The history of the Nativity scene
St. Francis of Assisi established the first Nativity scene in 1223 in Grecio, a small town in Italy. As he was preparing for Christmas Eve Mass, St. Francis was trying to think of a way to remind people that Jesus came not as a wealthy king but as a poor child born among animals. So he wrote to Pope Honorius III and obtained permission to create a living Nativity scene.
In a cave near town, Francis set up an altar. He brought in a manger filled with hay as well as a live ox and a donkey. He invited the townspeople to come, and he preached about the humble beginnings of the Christ Child.
The idea of re-creating Jesus’ birth was very popular. Churches in Italy created displays made out of terra cotta. In the middle of the 1500s, families began to put up Nativity scenes in their homes. And living Nativity scenes like the one that St. Francis started centuries ago remain popular to this day.
Who was there?
The Gospels of Matthew and Luke describe Jesus’ birth. Mary, Jesus’ mother, and Joseph came to Bethlehem together with their donkey right before Jesus was born. When there was no room at any of the inns for them to stay, they ended up in a stable where animals were kept. So the Nativity scene includes Mary, Joseph, Jesus and the animals in a stable, as well as a manger, or trough, where Baby Jesus slept.
In Luke, we learn about the angel who brought the shepherds “good news of great joy” (Lk 2:10, NRSV) when Jesus was born, so we include the shepherds and the angel in our Nativity scene.
And in Matthew, Chapter 2, we read about the Wise Men, or Magi, who came to visit Jesus, bringing gifts of gold, frankincense and myrrh. So we add the Wise Men to our Nativity scene as well.
Celebrating the Nativity around the world
In Latin countries such as Mexico and Guatemala, families remember the Nativity story with a celebration called Las Posadas. It takes place over the nine nights before Christmas, representing the nine months when Mary was expecting Baby Jesus. The festivities include prayer, Christmas carols and re-enactments of Mary and Joseph’s search for a posada — a hotel or inn.
Before the 1600s in England, families baked a mince pie in the shape of a manger, and Baby Jesus was placed on the pie until dinnertime. This is why mincemeat pies are often a part of Christmas celebrations today.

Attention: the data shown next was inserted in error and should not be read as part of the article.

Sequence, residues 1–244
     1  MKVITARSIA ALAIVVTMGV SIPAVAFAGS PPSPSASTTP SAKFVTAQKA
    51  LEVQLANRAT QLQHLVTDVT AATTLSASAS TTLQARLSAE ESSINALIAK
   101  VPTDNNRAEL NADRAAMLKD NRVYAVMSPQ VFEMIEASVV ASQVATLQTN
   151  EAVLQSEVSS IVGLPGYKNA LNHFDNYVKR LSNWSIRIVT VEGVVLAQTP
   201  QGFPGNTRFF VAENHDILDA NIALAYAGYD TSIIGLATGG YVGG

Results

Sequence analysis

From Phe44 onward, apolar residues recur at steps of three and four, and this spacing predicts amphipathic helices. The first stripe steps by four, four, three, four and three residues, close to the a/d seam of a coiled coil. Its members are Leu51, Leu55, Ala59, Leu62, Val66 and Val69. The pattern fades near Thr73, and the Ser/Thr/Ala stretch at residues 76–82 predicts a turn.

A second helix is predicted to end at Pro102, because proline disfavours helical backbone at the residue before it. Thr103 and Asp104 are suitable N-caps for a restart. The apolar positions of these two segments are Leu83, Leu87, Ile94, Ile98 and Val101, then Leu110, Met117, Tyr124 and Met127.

After the French Revolution ended in 1799, the creators of Nativity sets in France began to add ordinary people to the scenes, including bakers, farmers and carpenters. They wanted to help everyone picture themselves receiving the Christ Child.
When Advent begins, set up your family’s Nativity scene. As you place each piece in the crèche, talk about what that person or animal might have been thinking or experiencing on that holy night when Jesus was born.
- You could follow the German tradition of waiting to put Baby Jesus in the manger until Christmas Eve. Until that time, kids can help create a soft bed for Jesus by putting a piece of hay or golden yarn in the manger each time they do a good deed. Talk about those good deeds each night at dinner.
- You can set up the shepherds a bit away from the crèche, since they were taking care of their sheep until the angel came and told them the good news. Allow your children to move the shepherds around each day, just as the shepherds would have moved in the fields. You can even put the three Wise Men further still and allow your children to move them a bit closer to the Nativity scene every day until Christmas. Ask your children to describe what the shepherds and Magi are doing each day.
- With your children, write a greeting to Baby Jesus from each person in the Nativity scene. Share them aloud on Christmas Eve.
- Let your children become the Wise Men. Help them choose simple new baby items at the store and, amid the gift-opening frenzy of Christmas Day, have your kids place the items at the manger. Afterward, donate the items to a women’s shelter or children’s shelter in your area.